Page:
No New Messages
by Marie Gethins
Originally published in Wales Arts Review
The fragmented phone screen clung together—ice pieces over a frozen data pond. She stroked it, her fingers registered minute fissures. When the battery went flat, a search of his bedside locker, desk, and khaki messenger bag found nothing. Theo misplaced chargers as routine. She considered buying another, instead she stitched a funeral sack for his mobile: midnight velvet, silk cords cinched the shroud closed.
Theo had been a reluctant smartphone recipient. Emma bought it for his last birthday, determined to push the forty-year-old into the Age of Modern Technology.
‘It will simplify your life,’ she said. ‘Bring you to a higher plane.’
He frowned. ‘You know technology and I have a fraught relationship.’
‘It’s super easy. I’ll set it up for you.’
She guided him through the art of email, texting, weather app usage, and uploaded his favourite classical albums. Over time he mastered the basics, yet locking his screen seemed to elude him. Theo’s muffled conversations with colleagues, accented by the sharp percussion of car keys and loose change interrupted Emma’s workday.
‘You’ve got to stop the pocket dialling, Theo.’
‘Is that a recognised term?’
‘I’m beginning to wonder if you invented it.’
Several evenings, Emma pointed out the tiny button at the top of his phone. Theo watched her demonstration, shrugged, and returned to his reading. The next morning or afternoon, she would sigh when she heard the whir of beans grinding, the hiss of steam frothing milk at his favourite café. If she worked late, yaps from their Shih Tzu, Chu Ci, punctuated a gurgle as Theo poured himself a Pinot Noir. She shouted into her phone: ‘Theo, Theo, THEO.’ However his background life chorus continued to pepper holes in her schedule.
She almost didn’t answer when Theo called with his news. That day his pocket dials had disrupted her concentration several times. Emma’s annoyance gave way to excitement as he said that his agent had found a publisher. She smiled at his torrent of broken phrases, pushed back her chair, and moved to the window. Mist fingers rose from the lawn, reached around the office park with a silver glow. She pictured him striding through the thickening twilight towards High Street—gesturing with one hand, the other cradling his ear. Traffic noises increased, he panted between exclamations.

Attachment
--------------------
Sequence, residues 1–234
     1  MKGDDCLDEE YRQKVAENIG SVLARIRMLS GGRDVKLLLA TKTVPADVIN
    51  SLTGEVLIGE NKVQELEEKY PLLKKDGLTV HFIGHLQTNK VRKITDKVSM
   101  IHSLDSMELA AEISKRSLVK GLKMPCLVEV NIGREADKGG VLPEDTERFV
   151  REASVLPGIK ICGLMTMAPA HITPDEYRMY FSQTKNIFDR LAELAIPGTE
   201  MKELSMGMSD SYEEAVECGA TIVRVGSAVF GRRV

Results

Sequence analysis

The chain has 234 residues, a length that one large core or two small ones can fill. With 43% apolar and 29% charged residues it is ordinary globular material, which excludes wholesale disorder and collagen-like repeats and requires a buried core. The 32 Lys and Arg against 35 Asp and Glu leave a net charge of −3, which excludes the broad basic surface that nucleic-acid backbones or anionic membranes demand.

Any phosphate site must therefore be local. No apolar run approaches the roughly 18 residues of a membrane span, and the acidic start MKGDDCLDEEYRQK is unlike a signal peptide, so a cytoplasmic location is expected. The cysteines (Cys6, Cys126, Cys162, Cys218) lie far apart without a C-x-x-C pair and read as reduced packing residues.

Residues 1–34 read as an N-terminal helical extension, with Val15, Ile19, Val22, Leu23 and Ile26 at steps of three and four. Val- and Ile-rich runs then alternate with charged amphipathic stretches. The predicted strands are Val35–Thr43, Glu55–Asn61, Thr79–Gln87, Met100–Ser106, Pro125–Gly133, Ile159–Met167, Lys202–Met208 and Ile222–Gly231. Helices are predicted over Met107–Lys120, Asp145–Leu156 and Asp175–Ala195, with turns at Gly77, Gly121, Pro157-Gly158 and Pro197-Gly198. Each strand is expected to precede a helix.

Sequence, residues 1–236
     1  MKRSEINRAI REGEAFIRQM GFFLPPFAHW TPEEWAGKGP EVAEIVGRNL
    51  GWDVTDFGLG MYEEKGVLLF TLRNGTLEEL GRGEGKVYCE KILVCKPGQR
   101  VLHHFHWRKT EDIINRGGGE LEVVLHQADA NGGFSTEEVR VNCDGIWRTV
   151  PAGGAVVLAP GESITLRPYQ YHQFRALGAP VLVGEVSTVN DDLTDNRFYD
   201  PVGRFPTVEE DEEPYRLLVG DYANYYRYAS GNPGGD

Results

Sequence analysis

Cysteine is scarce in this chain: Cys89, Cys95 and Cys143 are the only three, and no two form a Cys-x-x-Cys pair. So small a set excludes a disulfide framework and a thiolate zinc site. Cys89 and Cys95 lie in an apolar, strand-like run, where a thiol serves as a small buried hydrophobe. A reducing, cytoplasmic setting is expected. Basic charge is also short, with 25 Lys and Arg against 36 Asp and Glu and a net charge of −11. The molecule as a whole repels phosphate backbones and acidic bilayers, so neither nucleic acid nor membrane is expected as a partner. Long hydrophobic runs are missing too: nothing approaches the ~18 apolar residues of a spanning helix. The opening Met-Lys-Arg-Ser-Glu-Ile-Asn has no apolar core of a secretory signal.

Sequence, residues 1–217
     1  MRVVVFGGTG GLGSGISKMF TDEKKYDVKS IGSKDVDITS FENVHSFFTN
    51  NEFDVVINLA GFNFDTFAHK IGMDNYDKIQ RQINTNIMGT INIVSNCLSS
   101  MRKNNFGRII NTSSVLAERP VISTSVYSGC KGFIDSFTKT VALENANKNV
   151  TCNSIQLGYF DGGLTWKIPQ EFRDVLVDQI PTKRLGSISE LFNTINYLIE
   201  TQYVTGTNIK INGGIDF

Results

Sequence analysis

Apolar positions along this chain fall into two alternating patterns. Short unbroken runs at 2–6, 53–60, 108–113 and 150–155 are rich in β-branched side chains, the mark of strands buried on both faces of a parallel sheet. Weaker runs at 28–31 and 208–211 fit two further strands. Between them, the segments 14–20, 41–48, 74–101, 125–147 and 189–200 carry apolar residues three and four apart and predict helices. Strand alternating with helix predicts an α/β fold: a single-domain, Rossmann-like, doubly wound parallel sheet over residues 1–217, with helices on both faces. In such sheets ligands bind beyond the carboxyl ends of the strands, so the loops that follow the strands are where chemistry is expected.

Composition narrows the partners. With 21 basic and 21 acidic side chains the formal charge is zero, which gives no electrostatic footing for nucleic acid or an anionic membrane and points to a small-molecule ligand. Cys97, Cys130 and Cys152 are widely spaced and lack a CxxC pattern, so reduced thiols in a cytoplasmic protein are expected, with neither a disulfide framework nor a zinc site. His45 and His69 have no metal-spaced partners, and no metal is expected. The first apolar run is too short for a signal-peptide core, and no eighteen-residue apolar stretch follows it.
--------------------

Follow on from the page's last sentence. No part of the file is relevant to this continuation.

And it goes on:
At first, she scanned the office park entrance. The tyre squeals and crushing metal seemed close by, almost in the room with her. Confused voices, muted swearing followed. She pressed the phone into her scalp, called into the black box, ‘Theo, Theo, THEO.’ Hurried footsteps on pavement and a siren replied.
Days and nights blurred. She let others guide her through the memorial service and burial. When the sympathisers melted away, Emma sat for hours on the couch holding Chu Ci. Both of them waited for the measured pace that would not return. She tried to replay her mental soundtrack of that night, struggled to add what she must have heard but couldn’t remember: the heavy thump of flesh to metal, the mobile clattering against asphalt, and the fracturing of glass. Had Theo managed a few final words?
Silent now, the mobile rode in her pocket during the day. It swayed and tapped her thigh as she walked, a gentle weight in her lap when she sat at her desk. She carved out a hollow and placed it on his pillow every night, within easy reach. Chu Ci began to steal the phone, hiding it under cabinets and cushions. When she slipped it into her pocket, the dog growled.
On Theo’s birthday, she made his favourite meal, setting a place for him. The black pouch lay in the centre of his plate. Emma told the empty chair how much she missed him, the sounds of his moving through daily life. Her phone vibrated on the table: vmmm, vmmm. Theo’s name and face appeared on the screen. With shaking hands, she tapped the green circle and lifted the mobile to her ear.
Static clouded the speaker.
‘Theo, is that you?’
Emma closed her eyes and strained to hear. Soft, muffled voices. The faint tones of an orchestral string section. Laughter.
Chu Ci whined.
‘Quiet!’ Emma pressed her ear to the phone. ‘Theo?’
Silence. Names raced up the screen as she scrolled to his mobile number. It rang out. Theo’s familiar voicemail message began.
A scramble sounded across the table. Emma looked up. The dog sat in his chair, yapping at the pouch. A white feather lay across the velvet, quivering with each bark.
The 2019 Kinsale Literary Festival
Words by Water, hosted a variety of literary greats with a programme covering poetry, novel, short fiction, local history, and children’s books. UL had a strong presence at the festival. Journalist Sue Leonard interviewed UL’s Donal Ryan on his moving novel From a Low and Quiet and the writer’s life ahead of a packed enthusiastic audience. UL PhD candidate Marie Gethins won the short story competition category with ‘Noah Should Have Read Comics’. Bestselling crime writers Catherine Kirwan, Andrea Carter and Kevin Doyle were spotted perusing The Ogham Stone in the wild.